The Labor Party held its official launch for the New South Wales (NSW) election campaign yesterday. The event, in its form and content, again demonstrated that there is no choice for workers in the official campaign. Labor is running on a virtual unity ticket with its nominal opponents in the governing Liberal-National Coalition.
The launch was choreographed and stale, even by the low standards of such events. It was attended only by several hundred Labor Party functionaries and members, who dutifully cheered each banality from the speakers as if on cue.
Even the timing of the launch was revealing. It was held only 20 days from the March 25 polling day. Both Labor and the Coalition are seeking to ensure the shortest election campaign possible. Having nothing to offer working people, they want to limit discussion and even public awareness that an election is underway.
The election poses a particularly sharp difficulty for Labor and its leader, Chris Minns. The issue is that Labor has and continues to agree with the government on every substantive issue.
Minns has marched in lockstep with the lifting of all COVID safety measures by Coalition Premier Dominic Perrottet. Since Labor assumed office at the federal level in May, the government of Prime Minister Anthony Albanese has collaborated closely with Perrottet and the other state and territory leaders to deepen this “herd immunity” agenda.
Labor, therefore, has an identical program to the Coalition on the pandemic which has dominated political, social and economic life for more than three years. More people have died under Albanese than in the entire preceding two-and-a-half years of the COVID crisis. A report released by the Actuaries Institute today found that there were 20,000 excess deaths across the country in 2022 attributable directly or indirectly to the coronavirus.
In addition to supporting policies that are killing thousands of people, Minns has entirely backed Perrottet’s sweeping attacks on public sector workers. Minns has denounced striking workers and rejected calls for pay increases in line with inflation. He has stated that even nominal wage rises, beneath the official inflation rate, should be paid for by “savings,” i.e., spending cuts, or greater “productivity,” i.e., worsening conditions and intensified exploitation.
Amid the greatest crisis of public healthcare and education in history, Minns and Labor have pledged just a pittance to both sectors. Labor opposes nurse-to-patient ratios, one of the main demands of health workers. His program for housing, amid the worst inflation in decades and widespread rent and mortgage stress, is aimed solely at boosting inflated prices to benefit the property developers and the banks.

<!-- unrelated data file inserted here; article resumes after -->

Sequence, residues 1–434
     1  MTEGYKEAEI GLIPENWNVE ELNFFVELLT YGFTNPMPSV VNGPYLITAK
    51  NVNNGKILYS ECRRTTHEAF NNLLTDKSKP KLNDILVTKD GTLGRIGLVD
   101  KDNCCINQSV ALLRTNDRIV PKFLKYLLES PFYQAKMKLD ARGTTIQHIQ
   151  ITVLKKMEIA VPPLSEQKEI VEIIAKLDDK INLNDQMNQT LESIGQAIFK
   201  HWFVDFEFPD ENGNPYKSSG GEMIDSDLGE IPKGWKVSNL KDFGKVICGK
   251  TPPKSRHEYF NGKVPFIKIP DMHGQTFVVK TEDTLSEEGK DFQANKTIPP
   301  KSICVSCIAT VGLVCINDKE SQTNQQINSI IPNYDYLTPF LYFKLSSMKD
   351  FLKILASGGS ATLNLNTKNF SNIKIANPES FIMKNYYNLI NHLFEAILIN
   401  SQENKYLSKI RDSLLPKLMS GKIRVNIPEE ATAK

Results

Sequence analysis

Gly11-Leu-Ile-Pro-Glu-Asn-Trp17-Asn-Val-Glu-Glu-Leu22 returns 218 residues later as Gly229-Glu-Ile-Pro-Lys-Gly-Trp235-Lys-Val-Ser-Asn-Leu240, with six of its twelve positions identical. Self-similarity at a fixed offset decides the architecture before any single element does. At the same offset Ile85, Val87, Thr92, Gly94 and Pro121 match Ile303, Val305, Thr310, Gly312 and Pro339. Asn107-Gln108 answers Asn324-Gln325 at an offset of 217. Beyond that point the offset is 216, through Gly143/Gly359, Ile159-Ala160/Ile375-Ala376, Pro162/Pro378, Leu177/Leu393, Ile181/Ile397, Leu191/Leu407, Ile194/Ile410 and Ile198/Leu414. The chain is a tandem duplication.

Confronted with these difficulties, Labor resorted on Sunday to lies, banal generalities and advertising slogans. Labor’s main slogan is a “fresh start.” What that means is entirely unclear.
The chair of the launch was Ash Ambihaipahar, Labor candidate for the Sydney seat of Oatley. Ambihaipahar sought to present the election as a referendum on the privatisation of state assets. She warned darkly that if Perrottet were returned to office he would immediately begin a mass sell-off.
If Labor is fearful that Perrottet is about to privatise state assets, which it purportedly defends, why has Labor collaborated with the right-wing premier for the past two years?
Minns, moreover, has spent his two-decade career in official politics as a proponent of the unfettered free market. Even his factional opponents within the Labor Party have repeatedly accused him of being a supporter of privatisation.
More broadly, a campaign by NSW Labor against privatisation brings to mind a fight by the mafia against organised crime. In reality, there is little for Perrottet to privatise. Just about everything was sold off by the Labor governments that were in office from 1995 to 2011.
NSW Labor privatised the retail and generator sections of the electricity grid, as well as the TAB, FreightCorp and state-owned coalmines. Labor also pioneered the use of “public-private partnerships,” giving private corporations major contracts for state projects that nominally remain under public ownership.
During its last 16 years in office, NSW Labor became notorious for its craven and sometimes corrupt subservience to property developers, bankers and other sections of the corporate elite.
The NSW privatisations, moreover, followed the sell-off of the Commonwealth Bank, Qantas and other major assets by the Hawke-Keating federal governments in the 1980s and 90s.